I have heard the arguments pro and con, listened to the reasoning, felt strong emotions on both sides. And through it all I have done my share of soul-searching. I’ve been internally divided, as one who consumes energy with the best of them yet also as one who cherishes wild, undeveloped places. What do I really believe, I ask myself. What is it I really want? I carry on the debate within myself.
Many feel wind towers are things of beauty, and I agree they can be, as kinds of machinery and wonders of technology. So are many human-made structures beautiful, in their way, but they do not belong everywhere and anywhere. A bridge, however elegant, is not appropriate across the Grand Canyon, nor should a fine memorial be plunked down in the middle of Yosemite, nor a grand stadium erected on the beaches of Cape Cod National Seashore. By the same token, would anyone seriously propose wind towers atop cathedrals or the pyramids?
I agree it is imperative for us to begin to move away from dependence on fossil fuels and toward renewable alternatives, including wind, which the experts say could provide up to 20 percent of our state’s energy. Yet I wonder how many wind towers on how many ridges it would take to wean ourselves of oil. Will they do anything to urge us into serious conservation, or simply lull us into the belief that we can still have all the energy we want?
The experts also say that, for legal, topographic or other reasons, only a few of the highest peaks would be available for consideration in Vermont, and only a fraction of those suitable for power generation. But that is with today’s technology; what happens tomorrow, when the demand is that much higher and the technology that much more refined?
I hear the justification that we have already dented and scratched and heaped upon the mountains with television and microwave towers, radar stations, ski trails, roads and power lines, and we have gotten used to that, even benefited financially from them. So we have, but do these transformations automatically mean there should be others? Yes, we can and do get used to almost anything, including parking lots that pave over the sources of childhood memories, and commercial buildings that supplant farmlands and woodlands, and ‘no trespassing’ signs posted where once we roamed freely. I suppose we even could have become used to the Green Mountain Parkway, the ‘scenic’ highway that once came close to reality along the highest peaks the length of Vermont.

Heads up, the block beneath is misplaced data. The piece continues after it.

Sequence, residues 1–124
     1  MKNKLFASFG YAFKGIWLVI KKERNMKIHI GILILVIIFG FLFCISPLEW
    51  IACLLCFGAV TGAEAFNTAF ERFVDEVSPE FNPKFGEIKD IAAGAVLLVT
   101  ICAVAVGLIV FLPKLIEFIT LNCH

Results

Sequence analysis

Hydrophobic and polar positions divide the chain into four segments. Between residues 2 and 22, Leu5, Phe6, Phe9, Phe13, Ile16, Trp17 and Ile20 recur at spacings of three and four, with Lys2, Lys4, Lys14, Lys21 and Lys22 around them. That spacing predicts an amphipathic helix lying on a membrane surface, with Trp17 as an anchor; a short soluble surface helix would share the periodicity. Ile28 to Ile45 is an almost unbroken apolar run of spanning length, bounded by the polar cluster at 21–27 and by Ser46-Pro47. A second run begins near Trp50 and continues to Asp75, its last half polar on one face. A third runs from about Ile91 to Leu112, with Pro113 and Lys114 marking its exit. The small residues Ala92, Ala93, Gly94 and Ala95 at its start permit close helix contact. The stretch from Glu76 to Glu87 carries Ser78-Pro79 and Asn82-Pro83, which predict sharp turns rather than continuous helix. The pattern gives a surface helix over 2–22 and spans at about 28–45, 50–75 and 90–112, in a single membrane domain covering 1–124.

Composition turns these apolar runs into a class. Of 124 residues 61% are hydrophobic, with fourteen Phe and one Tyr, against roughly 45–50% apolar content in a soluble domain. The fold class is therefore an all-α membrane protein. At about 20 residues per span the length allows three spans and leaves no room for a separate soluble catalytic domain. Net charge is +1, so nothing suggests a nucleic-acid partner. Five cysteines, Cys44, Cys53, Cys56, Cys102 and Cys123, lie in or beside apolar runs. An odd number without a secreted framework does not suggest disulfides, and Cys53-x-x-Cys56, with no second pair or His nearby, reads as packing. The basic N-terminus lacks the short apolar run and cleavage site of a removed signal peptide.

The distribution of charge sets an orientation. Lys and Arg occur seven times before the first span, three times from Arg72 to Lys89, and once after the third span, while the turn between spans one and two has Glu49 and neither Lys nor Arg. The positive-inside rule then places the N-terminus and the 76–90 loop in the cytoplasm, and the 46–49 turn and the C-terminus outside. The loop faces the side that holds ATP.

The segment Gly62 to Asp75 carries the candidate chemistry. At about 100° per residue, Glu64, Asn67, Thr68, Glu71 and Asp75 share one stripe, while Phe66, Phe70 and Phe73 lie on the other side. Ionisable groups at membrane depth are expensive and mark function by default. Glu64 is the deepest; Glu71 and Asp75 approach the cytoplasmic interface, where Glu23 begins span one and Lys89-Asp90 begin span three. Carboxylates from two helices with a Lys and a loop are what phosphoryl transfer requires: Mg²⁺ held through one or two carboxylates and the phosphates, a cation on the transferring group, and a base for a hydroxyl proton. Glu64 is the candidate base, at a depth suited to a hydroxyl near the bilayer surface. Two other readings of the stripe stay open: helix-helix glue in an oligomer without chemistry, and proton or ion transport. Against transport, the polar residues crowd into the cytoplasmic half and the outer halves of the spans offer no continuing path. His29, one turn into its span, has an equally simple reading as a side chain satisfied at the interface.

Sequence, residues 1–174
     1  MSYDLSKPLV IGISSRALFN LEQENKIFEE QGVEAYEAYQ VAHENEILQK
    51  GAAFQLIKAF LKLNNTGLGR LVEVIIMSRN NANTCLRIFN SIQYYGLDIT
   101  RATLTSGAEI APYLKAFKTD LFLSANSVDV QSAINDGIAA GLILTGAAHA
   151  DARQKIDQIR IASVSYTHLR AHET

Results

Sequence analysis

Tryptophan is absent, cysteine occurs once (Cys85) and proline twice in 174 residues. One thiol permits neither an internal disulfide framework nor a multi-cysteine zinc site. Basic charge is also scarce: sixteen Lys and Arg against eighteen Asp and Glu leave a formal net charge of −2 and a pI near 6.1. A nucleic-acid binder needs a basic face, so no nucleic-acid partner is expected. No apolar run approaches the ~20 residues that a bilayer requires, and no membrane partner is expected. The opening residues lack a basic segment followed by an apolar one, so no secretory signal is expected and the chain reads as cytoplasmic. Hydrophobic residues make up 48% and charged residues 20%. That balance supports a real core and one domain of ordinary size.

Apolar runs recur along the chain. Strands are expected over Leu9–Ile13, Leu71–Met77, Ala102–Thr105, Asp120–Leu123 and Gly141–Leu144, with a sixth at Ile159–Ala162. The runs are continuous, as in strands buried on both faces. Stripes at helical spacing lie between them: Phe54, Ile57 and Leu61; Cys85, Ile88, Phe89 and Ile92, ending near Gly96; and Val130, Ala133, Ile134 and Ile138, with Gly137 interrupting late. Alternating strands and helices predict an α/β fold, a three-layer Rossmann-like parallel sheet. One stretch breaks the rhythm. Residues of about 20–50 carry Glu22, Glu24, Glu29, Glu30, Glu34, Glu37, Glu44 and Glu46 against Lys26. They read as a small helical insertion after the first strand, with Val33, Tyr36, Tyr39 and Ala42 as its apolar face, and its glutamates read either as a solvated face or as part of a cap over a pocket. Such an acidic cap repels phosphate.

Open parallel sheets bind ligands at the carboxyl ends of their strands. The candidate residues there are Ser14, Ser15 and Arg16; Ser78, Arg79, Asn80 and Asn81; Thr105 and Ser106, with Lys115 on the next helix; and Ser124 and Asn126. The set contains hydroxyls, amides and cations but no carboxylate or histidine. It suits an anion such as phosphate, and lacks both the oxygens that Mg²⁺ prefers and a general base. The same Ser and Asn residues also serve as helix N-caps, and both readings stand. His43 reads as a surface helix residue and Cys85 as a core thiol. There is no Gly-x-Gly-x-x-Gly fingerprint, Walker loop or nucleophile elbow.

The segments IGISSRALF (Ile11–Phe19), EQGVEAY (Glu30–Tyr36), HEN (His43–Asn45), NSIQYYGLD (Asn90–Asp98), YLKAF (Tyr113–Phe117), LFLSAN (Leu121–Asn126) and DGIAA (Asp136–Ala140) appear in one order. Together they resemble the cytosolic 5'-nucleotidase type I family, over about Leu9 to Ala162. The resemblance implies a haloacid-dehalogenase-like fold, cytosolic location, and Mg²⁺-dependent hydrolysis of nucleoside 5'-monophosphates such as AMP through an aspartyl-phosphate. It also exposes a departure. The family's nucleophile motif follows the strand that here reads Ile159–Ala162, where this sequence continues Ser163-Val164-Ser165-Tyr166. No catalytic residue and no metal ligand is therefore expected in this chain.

But to me such losses are a high price to pay for our success and good fortune, and profits should not be the overriding standard by which we weigh our actions. Surely there are better measures of our humanity.
Some brand as NIMBY (‘not in my back yard’) whiners those who oppose wind towers the most ardently, claiming they are holding hostage a greater common purpose for their own interests. But I think all people fight most strongly for what is in their back yards, the place they live and work and call home, where they build intimacies day by day, year by year, with the land and each other. That they do fight does not invalidate their views; to my mind it actually strengthens them.
But as I wrestled with the issues and tried to determine which way the balance tipped for me, something else arose, a more deeply seated belief akin to faith.
Our human heritage, across all time and continents and cultures, includes a powerful sense of the sacred and the spiritual, representing that which is beyond our earthly aspirations or control. Such sacredness is imbued in certain places on the earth, mountaintops among them. There people go , if allowed to go at all , in reverence, respect and humbleness, to honor their gods, feel the divine in this world, and be restored.
But in more utilitarian-minded, resource-consuming cultures, nature has another meaning, another role to play. Nothing escapes the covetous eye; no place eludes scrutiny for its potential to supply a need or want. Marshes and estuaries, the wellsprings of so much life around us, dredged and drained. The ancient forests cut and hauled away. The prairies plowed into fields of corn and wheat. Ocean bottoms drilled for oil and gas, vast tracts of soil scraped away to find the coal beneath. Great rushing rivers dammed and stilled.
We have pushed the gods from their earth and called it ours. In the process, while our presence and our work do not necessarily destroy the places, they make them different, change our relationships to them. I have never felt quite the same about the moon as I look up at it now, knowing that the wreckage of our explorations is there for all time.
I read recently how one man expressed his opinion at a public meeting on wind energy: “Personally,” he said, “I think it’s my responsibility to accept the consequences of our demand for energy. I’d be willing to have (a wind tower) behind my house on the Worcester Range.” But is that the way it must be, the only choice we have? Are the ‘consequences of our demand for energy’ so inexorable and inevitable? Must the land be sacrificed on our behalf, as it always seems to be, yet we rarely sacrifice for it?
When all the arguments and reasoning are done, and decisions must be made, it comes down for me to something other than opinion. Something so utterly personal it is inarguable. A mountain is more than what we want from it. It is a matter of sanctity.
Charles W. Johnson was the Vermont state naturalist from 1978 to 2000. He is author of ‘The Nature of Vermont: Introduction and Guide to a New England Environment’ and co-author of ‘In Season: A Natural History of the New England Year.’ He lives in East Montpelier.
Charles W. Johnson, East Montpelier